KAZALCI OKOLJA

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Bad

In Slovenia, the share of one-member households - with higher expenditures and also a greater impact on the environment - has been rapidly increasing in the last ten years. Most households own all the usual household appliances (e.g. washing machine, refrigerator, etc.) and have been rapidly equipping themselves with new ones in recent years; thus electricity consumption does not decrease but increases slightly. Also, a third of households would not be able to cover unexpected expenses and just under a fifth survive a month without financial problems.

Bad

More than half of dwellings / houses in Slovenia were built before 1980 or more than three quarters before 1990. Their renovation has the greatest potential to reduce environmental impacts and reduce energy consumption. At the same time, the share of low-income households - those that are supposed to invest in housing / house renovations - is relatively high. These households also have the most problems with housing conditions or housing deprivation and overcrowding.

Bad

Households in Slovenia consume 21.6% of final energy. In 2019, consumption was the lowest in the observed period from 2000 to 2019, but even higher than the target for 2020. Most energy is used for heating. Among energy products, use of heating oil decreased sharply while the use of natural gas increased.

Bad

Household electricity consumption is increasing and amounted to 3,000 GWh in 2009. The share of households equipped with electricity-consuming appliances is increasing as well. These include e.g. dishwashers, clothes dryers, mobile phones, CD players, microwaves, and personal computers. Despite the improved energy efficiency of some appliances, electricity consumption has not decreased, as the number of household appliances continues to increase rapidly, which also contributes to excessive quantities of waste.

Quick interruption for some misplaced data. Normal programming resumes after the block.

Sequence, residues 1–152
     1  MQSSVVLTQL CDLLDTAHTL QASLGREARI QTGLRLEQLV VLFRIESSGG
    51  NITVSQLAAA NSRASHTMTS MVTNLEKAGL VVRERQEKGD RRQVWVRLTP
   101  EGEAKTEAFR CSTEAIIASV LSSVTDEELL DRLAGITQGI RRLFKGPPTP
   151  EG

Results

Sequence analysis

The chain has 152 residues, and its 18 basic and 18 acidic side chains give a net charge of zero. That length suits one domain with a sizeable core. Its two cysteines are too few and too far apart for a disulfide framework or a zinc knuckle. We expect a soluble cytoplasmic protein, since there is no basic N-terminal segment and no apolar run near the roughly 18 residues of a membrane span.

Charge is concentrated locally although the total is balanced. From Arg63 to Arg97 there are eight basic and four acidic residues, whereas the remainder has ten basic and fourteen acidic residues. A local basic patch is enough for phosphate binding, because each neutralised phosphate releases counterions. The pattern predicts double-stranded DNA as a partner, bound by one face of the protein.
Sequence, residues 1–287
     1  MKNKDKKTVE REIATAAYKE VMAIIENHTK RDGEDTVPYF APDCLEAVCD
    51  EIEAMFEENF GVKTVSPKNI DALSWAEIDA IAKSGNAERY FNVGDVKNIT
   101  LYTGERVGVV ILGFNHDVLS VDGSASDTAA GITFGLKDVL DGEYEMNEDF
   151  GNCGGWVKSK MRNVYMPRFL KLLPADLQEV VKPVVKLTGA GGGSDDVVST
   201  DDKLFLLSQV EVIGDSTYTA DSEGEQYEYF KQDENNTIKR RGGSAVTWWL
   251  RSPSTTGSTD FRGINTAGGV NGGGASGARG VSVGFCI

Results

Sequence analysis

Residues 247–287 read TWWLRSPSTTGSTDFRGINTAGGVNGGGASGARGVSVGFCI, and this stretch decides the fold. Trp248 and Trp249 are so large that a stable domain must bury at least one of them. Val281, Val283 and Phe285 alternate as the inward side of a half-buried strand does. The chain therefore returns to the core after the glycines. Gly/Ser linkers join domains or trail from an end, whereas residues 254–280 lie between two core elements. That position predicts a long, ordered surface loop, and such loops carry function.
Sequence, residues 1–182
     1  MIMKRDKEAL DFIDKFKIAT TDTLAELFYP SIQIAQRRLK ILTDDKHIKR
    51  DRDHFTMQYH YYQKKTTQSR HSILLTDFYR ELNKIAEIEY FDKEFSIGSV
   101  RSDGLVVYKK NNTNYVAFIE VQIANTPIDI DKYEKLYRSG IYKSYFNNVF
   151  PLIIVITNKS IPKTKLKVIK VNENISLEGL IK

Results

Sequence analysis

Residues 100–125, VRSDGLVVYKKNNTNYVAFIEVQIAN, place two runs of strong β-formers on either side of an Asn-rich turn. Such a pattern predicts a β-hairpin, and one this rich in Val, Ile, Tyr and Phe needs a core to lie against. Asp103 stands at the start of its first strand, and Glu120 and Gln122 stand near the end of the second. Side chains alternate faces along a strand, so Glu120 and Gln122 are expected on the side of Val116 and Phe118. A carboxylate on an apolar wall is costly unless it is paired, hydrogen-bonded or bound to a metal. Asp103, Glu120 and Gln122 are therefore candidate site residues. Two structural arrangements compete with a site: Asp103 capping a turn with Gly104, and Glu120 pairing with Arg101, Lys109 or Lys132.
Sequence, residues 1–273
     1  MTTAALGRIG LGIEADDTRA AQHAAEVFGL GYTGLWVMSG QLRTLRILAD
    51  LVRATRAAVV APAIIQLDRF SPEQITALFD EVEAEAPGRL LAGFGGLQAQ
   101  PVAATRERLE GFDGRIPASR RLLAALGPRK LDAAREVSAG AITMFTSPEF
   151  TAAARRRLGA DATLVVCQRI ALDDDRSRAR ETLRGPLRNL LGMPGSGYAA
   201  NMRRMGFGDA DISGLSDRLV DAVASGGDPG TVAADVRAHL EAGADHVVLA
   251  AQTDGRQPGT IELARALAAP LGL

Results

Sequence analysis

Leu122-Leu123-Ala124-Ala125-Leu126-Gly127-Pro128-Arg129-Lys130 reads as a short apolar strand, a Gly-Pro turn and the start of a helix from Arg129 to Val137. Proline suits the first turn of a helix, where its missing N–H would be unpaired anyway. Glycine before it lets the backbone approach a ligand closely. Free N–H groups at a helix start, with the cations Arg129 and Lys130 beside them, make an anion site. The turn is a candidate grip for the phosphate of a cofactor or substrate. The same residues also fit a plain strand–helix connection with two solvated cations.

Bad

On average, households expenditure by consumption purpose in Slovenia was devoted predominantly on transport, housing, food and non-alcoholic beverages. For the households in the lowest income class, housing and food  account for almost 46% of household expenditure. In the lowest income group there is energy poverty emerging. Statistics show that households are among the largest polluters with emissions into the air (in particular with CO2, HFC and CO), and from all sector activities pay the most environmental taxes.

 

Bad

The trend of food consumption after 2000 is slightly declining in almost all categories. One possible explanation for this decline is probably changed eating habits when we eat less at home. At the same time, there is a marked upward trend in food and beverage costs. The results of research show that of all food categories, meat and dairy products have the highest environmental impacts.

Bad

In Slovenia, passenger car transport is increasing and public transport is decreasing. The increase in car ownership can be attributed to ideas about greater flexibility, improved mobility and low quality of public passenger transport. The share of Slovenian households owning a personal car increased to 80% in 2007 and the number of passengers using urban public transport dropped by nearly 50% compared to 1990. The data for Central Slovenia and the Podravje statistical regions show that more than 70% of the population travel to work by car.

Good

The eco-innovation index shows the performance of individual Member States in the various components of eco-innovation compared to the EU average, and presents their strengths and weaknesses. The eco-innovation composite index 2017 for Slovenia reveals that Slovenia performs well in all five components of the index and even above the EU average, except in the resource efficiency componen.

Bad

Our society, its production and consumption systems, is based on the use of raw materials such as biomass, fossil fuels and minerals. By increasing the extraction of raw materials, the associated environmental and social impacts are approaching or already exceeding natural limits.

According to available UN data for the period 1990 to 2015, Slovenia achieved no decoupling of economic development from raw material consumption.

In 2015, only five EU countries: Germany, Austria, Slovenia, Belgium and the Netherlands, recycled at least half of their municipal waste.

Neutral

More and more foreign tourists are coming to Slovenia, while the private travels of the domestic population are more or less constant over the almost ten-year period observed. The data also show that income and household size are an important reason for not traveling. In 2018, more than one quarter (28.3%) of Europeans could not afford annual weekly leave outside the home, while such Slovenians accounted for a good fifth (21.8%).


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